Researchers from the Philippines are searching for the last chanters of an epic tale. Reconstructing the tale may help the researchers understand the local knowledge systems and cultural practices of one of the country’s oldest ethnic groups.

Dr Guieb with the Dumaracol chanters. Image: Jenifer Lie

The island province of Palawan, situated on the southwestern part of the Philippines, is one the largest provinces in the country.

Palawan has a very rich and diverse culture as several ethnic groups live on its islands – each with its own language and dialects, literature, music, dance, drama and visual arts. Each group varies in its religious rituals, celebrations and daily activities.

Palawan’s Tagbanua are among the Philippines’ oldest ethnic groups and are located in the central coastal and northern parts and islands of the province.

The Tagbanua are further divided into four subgroups. Among them, the Kalamianen Tagbanua are located in the northern mainland of Palawan and on the Calamianes group of islands north of the mainland. The Kalamianen Tagbanua, who in recent years have settled in villages, depend mainly on marine and land resources for their livelihood.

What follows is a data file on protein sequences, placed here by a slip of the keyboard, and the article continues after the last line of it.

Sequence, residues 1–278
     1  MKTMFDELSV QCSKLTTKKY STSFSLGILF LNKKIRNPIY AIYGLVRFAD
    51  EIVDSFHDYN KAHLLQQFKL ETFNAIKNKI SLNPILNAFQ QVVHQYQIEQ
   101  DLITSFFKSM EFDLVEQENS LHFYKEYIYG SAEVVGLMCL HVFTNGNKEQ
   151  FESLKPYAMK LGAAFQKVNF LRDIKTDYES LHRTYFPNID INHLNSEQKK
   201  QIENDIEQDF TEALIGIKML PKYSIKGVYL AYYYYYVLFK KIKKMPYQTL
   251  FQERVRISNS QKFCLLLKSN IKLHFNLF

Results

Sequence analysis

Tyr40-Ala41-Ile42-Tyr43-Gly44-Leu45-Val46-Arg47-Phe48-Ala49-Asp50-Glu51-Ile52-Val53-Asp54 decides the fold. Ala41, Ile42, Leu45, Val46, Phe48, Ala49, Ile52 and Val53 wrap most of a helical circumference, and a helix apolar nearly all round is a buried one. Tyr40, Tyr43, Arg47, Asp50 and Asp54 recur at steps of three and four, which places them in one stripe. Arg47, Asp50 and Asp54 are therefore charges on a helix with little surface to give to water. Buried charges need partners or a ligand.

The Kalamianen Tagbanua sing the epic tale — or tultul — of a mythical male adventurer called Dumaracol. The narrative is long and it is chanted by men and women at night, during the waxing moon, or as part of ceremonies for the dead. Sadly, the chanting of the Dumaracol is a diminishing practice among the Tagbanua.

The exploratory research of Dr Eulalio R. Guieb III of the College of Mass Communication at the University of the Philippines Diliman sought to locate any remaining chanters of the Dumaracol. Dr Guieb and his team were able to find chanters in several islands of the municipalities of Taytay, El Nido and Linapacan who were willing to participate in the project.

With the help of chanters, the team will record the Dumaracol on digital video and audio and then document, transcribe, translate and investigate this almost unknown and rarely cited epic tale. It is hoped that the reconstruction of the Dumaracol will help uncover some important local knowledge systems and customary practices of the Tagbanua that find expression in the tale.



For further information contact:

Dr Eulalio R. Guieb III
College of Mass Communication
University of the Philippines Diliman